The result of the move request was: page moved. Anthony Appleyard (talk) 15:21, 17 February 2010 (UTC)


Perch (unit of measure)Perch (unit) — "(unit of measure)" is clumsy and ambiguous. ("Measure" can refer to dry measure or liquid measure, i.e. certain uses of volume, as well as to any measure in general.) On the other hand, "(unit)" is the standard disambiguator. Hans Adler 15:50, 9 February 2010 (UTC)

The above discussion is preserved as an archive of a requested move. Please do not modify it. Subsequent comments should be made in a new section on this talk page. No further edits should be made to this section.

Sri Lanka =[edit]

It seems (I was informed of this from some spam, unfortunately) that the perch is used in Sri Lankan real estate, as for example this example. 22:00, 2 July 2011 (UTC)

10 feet, 3.05 meters?[edit]

"The perch as a lineal measure in Rome, was 10 feet (3.05 m)". Yes, the Romans somehow anticipated a "foot" which just happens to be almost exactly the same as the modern foot. EEng (talk) 22:22, 24 September 2014 (UTC)

There is a better statement at Ancient Roman units of measurement which makes the more plausible claim that the Roman unit was decempeda or pertica (perch in English), with value 10 pedes (9.708 ft). Probably this article is trying to say that Romans had a 10-foot perch, but their definition of a foot was different. Someone has unwisely used the convert template on 10 feet. Johnuniq (talk) 02:07, 25 September 2014 (UTC)
Exactly my point. There may also be something helpful on Roman weights and measures in Gibbons' Decline and Fall from the 10-Foot Perch. EEng (talk) 03:32, 25 September 2014 (UTC)
Yes, it should be fixed: remove the undue mentions of real estate listings; remove the converts which are misleading; explain the 10 Roman feet stuff. But what about the merge proposal dormant at the top? In modern terms, rod = perch = pole, but I don't know enough about the history to judge whether this article should be separate. Related: Pole (unit of length) redirects to Rod (unit), and Rood (unit) is separate. Johnuniq (talk) 04:44, 25 September 2014 (UTC)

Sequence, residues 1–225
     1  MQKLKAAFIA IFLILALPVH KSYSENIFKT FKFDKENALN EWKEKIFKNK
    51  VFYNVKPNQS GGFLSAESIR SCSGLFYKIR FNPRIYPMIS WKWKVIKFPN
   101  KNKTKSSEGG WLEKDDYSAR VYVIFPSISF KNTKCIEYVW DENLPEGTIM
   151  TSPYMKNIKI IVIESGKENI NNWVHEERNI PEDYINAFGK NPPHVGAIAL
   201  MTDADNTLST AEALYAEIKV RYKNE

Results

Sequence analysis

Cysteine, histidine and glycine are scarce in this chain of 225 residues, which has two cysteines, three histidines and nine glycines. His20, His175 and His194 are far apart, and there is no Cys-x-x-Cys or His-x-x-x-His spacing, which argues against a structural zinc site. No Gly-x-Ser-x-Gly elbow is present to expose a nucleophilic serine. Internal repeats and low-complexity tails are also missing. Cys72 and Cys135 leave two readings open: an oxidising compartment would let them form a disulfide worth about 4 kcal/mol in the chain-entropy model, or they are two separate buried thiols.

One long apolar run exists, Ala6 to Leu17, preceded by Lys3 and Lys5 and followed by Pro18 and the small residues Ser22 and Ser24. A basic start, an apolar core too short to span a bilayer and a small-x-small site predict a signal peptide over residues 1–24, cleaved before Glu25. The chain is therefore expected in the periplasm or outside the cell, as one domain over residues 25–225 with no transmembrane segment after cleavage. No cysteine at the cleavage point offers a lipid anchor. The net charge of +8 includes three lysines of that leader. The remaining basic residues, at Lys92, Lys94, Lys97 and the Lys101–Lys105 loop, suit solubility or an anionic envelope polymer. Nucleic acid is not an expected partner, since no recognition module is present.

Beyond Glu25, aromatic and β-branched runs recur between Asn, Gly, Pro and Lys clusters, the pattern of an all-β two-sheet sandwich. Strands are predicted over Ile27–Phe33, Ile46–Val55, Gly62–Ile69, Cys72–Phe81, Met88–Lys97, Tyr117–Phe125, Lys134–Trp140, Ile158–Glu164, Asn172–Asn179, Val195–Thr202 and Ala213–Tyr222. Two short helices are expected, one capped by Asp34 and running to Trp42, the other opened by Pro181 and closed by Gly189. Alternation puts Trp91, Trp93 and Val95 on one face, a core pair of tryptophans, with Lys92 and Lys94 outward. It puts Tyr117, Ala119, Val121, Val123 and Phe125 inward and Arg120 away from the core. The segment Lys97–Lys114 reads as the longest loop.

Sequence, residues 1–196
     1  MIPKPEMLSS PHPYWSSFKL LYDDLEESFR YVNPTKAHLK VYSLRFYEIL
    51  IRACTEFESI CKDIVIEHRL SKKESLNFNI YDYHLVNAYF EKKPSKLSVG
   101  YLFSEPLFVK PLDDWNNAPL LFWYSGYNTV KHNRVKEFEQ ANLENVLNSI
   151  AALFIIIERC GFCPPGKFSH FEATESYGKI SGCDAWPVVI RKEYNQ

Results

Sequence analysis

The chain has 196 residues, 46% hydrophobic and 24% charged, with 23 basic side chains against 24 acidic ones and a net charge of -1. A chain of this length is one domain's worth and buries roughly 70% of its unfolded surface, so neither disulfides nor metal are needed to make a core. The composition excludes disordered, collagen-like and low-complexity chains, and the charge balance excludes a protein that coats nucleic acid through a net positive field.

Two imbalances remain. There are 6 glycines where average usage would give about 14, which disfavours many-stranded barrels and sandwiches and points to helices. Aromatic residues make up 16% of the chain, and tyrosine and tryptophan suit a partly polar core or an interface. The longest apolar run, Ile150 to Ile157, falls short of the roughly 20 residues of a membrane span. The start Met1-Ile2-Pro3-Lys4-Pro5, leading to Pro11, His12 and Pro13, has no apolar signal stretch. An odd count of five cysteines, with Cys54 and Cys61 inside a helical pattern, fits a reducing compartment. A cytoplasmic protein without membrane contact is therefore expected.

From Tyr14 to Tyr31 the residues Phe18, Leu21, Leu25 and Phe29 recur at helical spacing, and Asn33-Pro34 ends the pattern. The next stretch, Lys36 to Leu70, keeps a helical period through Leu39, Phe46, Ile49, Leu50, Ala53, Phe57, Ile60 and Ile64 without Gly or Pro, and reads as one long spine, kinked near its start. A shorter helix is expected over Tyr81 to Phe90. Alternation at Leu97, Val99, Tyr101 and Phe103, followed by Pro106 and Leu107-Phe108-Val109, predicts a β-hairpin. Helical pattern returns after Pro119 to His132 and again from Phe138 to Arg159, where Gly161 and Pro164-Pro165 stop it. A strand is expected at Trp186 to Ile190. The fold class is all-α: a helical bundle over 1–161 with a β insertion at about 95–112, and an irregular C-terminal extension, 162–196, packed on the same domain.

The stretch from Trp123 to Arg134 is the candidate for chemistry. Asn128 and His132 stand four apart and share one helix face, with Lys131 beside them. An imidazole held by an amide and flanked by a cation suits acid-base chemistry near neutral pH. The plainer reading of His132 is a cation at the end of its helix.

I'm afraid this is way too far out of my expertise and interest, but good luck. I was just so struck by the silliness of offering a metric "equivalent" (to three significant figures!) for an obviously uncertain quantity that I felt I had to point it out. EEng (talk) 07:11, 25 September 2014 (UTC)
The Roman foot seems to have been a bit shorter. Our article on Ancient Roman units of measurement suggests that the pes is usually taken to have been about 0.296 m, citing William L. Hosch (ed.) (2010) The Britannica Guide to Numbers and Measurement New York, NY: Britannica Educational Publications, 1st edition. ISBN 9781615301089, p. 206. That would make the pertica about 2.96 m. Suggest changing that to read something like "The perch or pertica in ancient Rome was 10 pedes (Roman feet), or about 2.96 m". Any good? Justlettersandnumbers (talk) 08:23, 25 September 2014 (UTC)